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ATPM 9.10
October 2003





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Review: Sling Pack

by Lee Bennett,


Developer: Incase

Price: $50

Requirements: does not fit 17" G4 PowerBook.

Trial: None

What Came Before

Chris Turner has the right idea. A product like a computer bag should simply be judged on its own merits. Nevertheless, I would not be serving justice to why I chose to review the Sling Pack without stating that I nearly sprung for the TiBag. Something, however, told me to look around a little bit longer.

A Short Detour

You have to understand something about me, so I must share a little history before I start delving into the Sling Pack. My 15" 1 GHz G4 PowerBook is my sole machine. I’m one who is content with a laptop’s capabilities and doesn’t need a desktop tower. The bag I have used to date (and, admittedly, will continue using frequently) is like a portable office. Sure, it’s rather large and heavy to someone not used to it, but it does fit under an airplane coach seat and even has wheels and a retractable handle.

Items living in this case include a spare battery, A/C adapter, a plethora of various cables and adapters, a few CD slip cases, blank CD-Rs, a Podium CoolPad (I can even leave the risers attached), my checkbook, my ever-present bottle of Advil, and (the real oddball item) a Netgear MR814 Wi-Fi router. Its slim design is the perfect size for my big bag. I frequently find myself wanting to borrow bandwidth from friends or family whom I visit—people who have broadband but only a single computer attached directly.

I like my big bag. I’ve learned to ignore a friend’s razzing about always carrying such a burden. Yet, I increasingly find myself in situations where something smaller—even hands-free—would be smart.

I began considering backpack-style cases about a year ago, but my initial considerations were short-lived. One year ago this month, I was a passenger in a pretty nasty auto accident. I’m fine now, thanks for wondering, but I came out of it with an injury that prevents me from bearing much weight on my right shoulder for extended periods of time. Indeed, I’ve only even been able to sleep on my right side in the past couple months and, even then, only for an hour or two, tops. In any case, I’m no longer in the market for any product that puts weight on the right shoulder.

The Search Resumes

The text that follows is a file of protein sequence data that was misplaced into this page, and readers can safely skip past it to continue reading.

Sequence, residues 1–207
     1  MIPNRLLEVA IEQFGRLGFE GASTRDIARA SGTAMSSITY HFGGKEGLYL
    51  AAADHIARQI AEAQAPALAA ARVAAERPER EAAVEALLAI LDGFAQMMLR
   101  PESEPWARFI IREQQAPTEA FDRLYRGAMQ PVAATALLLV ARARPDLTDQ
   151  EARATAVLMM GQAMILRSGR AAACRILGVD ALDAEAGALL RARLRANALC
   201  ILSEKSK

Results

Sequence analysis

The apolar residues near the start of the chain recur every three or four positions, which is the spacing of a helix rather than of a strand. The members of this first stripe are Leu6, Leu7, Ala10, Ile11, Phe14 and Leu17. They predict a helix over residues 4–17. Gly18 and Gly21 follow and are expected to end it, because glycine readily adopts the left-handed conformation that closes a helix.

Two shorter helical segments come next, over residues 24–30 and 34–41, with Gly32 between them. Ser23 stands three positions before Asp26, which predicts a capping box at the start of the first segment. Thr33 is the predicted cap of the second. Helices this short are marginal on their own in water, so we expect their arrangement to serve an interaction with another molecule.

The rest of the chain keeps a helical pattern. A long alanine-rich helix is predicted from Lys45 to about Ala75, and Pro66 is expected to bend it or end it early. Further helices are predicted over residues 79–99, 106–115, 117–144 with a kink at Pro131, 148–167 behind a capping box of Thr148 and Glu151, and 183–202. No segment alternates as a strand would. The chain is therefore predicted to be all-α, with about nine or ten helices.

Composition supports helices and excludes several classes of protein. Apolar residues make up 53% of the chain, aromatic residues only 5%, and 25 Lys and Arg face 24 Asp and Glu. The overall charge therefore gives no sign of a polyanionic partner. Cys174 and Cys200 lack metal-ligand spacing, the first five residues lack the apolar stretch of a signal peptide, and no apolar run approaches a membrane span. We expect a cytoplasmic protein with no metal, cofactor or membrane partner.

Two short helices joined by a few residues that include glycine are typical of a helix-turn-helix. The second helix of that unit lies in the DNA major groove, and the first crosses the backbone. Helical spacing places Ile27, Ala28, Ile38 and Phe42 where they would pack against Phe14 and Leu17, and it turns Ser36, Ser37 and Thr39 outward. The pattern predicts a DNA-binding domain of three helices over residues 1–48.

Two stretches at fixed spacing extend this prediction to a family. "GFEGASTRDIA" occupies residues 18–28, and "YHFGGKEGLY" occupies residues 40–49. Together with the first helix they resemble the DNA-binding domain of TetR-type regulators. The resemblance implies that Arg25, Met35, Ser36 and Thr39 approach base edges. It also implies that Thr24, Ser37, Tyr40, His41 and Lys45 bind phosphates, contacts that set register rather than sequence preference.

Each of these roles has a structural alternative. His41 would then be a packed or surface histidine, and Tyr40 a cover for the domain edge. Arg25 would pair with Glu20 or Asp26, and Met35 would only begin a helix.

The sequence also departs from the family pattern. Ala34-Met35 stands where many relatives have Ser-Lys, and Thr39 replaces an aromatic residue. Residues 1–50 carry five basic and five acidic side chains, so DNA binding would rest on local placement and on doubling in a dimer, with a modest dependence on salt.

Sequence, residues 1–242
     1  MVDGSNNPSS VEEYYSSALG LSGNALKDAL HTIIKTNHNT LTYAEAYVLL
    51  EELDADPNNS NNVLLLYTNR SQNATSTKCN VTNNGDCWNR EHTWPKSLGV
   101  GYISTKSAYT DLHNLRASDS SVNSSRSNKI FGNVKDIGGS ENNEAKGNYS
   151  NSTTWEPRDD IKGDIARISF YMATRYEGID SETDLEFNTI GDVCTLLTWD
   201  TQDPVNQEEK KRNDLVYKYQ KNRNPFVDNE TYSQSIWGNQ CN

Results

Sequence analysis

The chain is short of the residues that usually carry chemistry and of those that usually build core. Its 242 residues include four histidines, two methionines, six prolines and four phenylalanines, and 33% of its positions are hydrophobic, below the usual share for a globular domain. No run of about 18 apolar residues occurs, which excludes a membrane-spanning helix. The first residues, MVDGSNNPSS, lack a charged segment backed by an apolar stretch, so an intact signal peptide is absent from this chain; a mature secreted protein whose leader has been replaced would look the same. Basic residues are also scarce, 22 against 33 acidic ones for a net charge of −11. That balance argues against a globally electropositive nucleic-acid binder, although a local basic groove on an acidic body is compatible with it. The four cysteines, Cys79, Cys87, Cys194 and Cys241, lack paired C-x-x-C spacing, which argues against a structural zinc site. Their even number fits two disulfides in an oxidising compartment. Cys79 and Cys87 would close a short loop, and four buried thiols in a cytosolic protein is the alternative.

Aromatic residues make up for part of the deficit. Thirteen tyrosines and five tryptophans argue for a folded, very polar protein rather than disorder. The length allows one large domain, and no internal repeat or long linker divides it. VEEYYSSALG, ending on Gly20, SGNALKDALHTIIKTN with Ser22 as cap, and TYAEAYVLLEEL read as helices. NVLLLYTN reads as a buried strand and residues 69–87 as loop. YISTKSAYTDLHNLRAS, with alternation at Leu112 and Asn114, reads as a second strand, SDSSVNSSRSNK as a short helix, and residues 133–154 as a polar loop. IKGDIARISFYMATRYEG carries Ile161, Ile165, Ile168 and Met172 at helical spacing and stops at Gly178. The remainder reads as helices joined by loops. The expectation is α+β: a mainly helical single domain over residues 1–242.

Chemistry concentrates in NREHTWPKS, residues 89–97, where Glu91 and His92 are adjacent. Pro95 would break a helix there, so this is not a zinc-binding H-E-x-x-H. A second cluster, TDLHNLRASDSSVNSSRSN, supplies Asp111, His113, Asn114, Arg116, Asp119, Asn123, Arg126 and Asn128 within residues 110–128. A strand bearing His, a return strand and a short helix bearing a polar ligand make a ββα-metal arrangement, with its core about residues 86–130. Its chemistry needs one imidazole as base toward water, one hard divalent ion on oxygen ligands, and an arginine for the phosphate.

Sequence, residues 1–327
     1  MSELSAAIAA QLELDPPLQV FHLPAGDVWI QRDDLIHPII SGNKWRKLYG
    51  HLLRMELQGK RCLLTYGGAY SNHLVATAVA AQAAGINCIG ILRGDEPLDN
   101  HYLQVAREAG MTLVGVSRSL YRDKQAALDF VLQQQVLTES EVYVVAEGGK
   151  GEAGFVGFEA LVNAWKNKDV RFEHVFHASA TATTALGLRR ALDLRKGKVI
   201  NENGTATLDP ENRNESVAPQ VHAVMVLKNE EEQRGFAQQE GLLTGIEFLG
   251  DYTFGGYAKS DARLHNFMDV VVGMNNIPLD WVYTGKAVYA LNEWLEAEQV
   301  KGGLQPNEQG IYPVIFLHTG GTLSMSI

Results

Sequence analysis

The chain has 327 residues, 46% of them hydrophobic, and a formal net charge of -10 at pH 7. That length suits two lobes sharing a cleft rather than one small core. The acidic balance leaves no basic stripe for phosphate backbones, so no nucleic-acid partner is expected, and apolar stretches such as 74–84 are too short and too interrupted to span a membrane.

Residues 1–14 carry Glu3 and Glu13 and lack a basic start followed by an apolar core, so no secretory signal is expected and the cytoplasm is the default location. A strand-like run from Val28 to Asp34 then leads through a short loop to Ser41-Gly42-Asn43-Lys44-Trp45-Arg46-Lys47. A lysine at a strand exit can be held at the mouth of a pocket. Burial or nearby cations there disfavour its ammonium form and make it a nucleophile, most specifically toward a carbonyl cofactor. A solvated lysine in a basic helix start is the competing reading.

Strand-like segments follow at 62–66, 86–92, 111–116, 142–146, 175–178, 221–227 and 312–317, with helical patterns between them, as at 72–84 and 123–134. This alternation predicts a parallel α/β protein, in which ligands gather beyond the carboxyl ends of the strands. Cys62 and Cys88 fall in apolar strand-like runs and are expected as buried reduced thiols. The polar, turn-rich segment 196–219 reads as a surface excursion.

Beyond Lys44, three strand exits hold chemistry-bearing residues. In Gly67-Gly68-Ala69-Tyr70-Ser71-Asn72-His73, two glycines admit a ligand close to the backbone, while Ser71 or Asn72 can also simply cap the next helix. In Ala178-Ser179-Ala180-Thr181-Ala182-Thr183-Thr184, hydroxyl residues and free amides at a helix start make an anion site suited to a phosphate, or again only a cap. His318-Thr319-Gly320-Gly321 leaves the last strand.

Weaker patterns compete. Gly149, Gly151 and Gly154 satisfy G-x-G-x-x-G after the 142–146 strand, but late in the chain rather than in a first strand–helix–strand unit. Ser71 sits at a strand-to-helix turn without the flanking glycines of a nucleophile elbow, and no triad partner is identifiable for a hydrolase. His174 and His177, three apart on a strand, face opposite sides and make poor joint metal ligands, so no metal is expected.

My desire for a backpack seemed pointless until I was reminded of the TiBag. I was interested, but some things bothered me. Never mind that it’s designed to rest on the right shoulder when worn messenger style—I’d have been content to only use it single-strap backpack style. When I really started examining it, though, I felt its design appeared a little haphazard. Granted, I’ve not held or seen one except in pictures, but the polyester material and its shape seem little more than just an everyday tote bag with a flap. I was sure I could find something more streamlined that might hold just a few more items in exchange for just a slight bit of extra thickness. The ability to close up securely instead of relying only on a flap of fabric to cover my computer was also high on the wish list.

Enter the Sling Pack

Naturally, the left-shoulder design of Incase’s creation was the first thing to catch my eye. Personally, I’m a fan of the sleek, angular design versus the tote bag-style TiBag.


Yes, it’s designed to be worn slightly crooked. No worries—it still feels extremely comfortable. A sturdy clip keeps the straps together.

Closer examination revealed that the exterior has a very clean-lined look. It’s made from a couple of types of nylon, which feel more sturdy to me than polyester—not to mention that they’re probably a bit more moisture-resistant.


The strap is extremely well-padded all the way around—right up to the clip. I can wear this thing virtually all day.


The exterior zipper pocket provided an ideal location for my big bag’s detachable pouch that contains most of my cords and adapters (you can see the long shape of it in the pocket).

Like the TiBag, there’s a place for a small accessory device such as an iPod, cell phone, or PDA. Unlike the TiBag, I’m not worried about something falling off or out. The pouch’s zipper is secure and doesn’t use a velcro strap that could get knocked open. The pouch itself has padding, like the strap, in case of a bump.


Pod pocket.

The back of the Sling Pack also has a zipper pocket. My spare battery lives here. The case material is soft enough that I don’t feel the battery against my back. I’d have preferred to put the battery inside…more on that, below.


The rear side is soft against your back.

The Sling Pack scores just as high marks for its interior features as it does for the exterior. The sleeve inside is a perfect snug fit for a 15" PowerBook. Sorry 17" owners, this bag is not for you.


Note the little clip snapped to the edge of the sleeve on the left. Extra touches like this are proof a lot of thought went into this bag’s design. A small key ring, for example, can be clipped here and quickly snapped off for use.

Besides the sleeve for a laptop, there is a zipper pouch at the top and two adjacent stretchy pockets below. The zipper pouch is a perfect fit for my A/C adapter and cable. Yet another very nice touch is the slip of fabric that covers this pouch’s zipper when closed, preventing the zipper from possibly scratching the computer.


Rather cavernous for such a compact bag.

Companion Products

Incase’s product list includes a large variety of other bag types, and the company is reasonably well known for protective guitar cases. A musician friend of mine had previously heard good things of the company, though had never seen the products. As someone I know to be able to recognize a great guitar bag when he saw one, I was happy to witness his “I want one” reaction when he examined the catalog and my Sling Pack, thus helping confirm that these products are well-made.

Perfection Scrutinized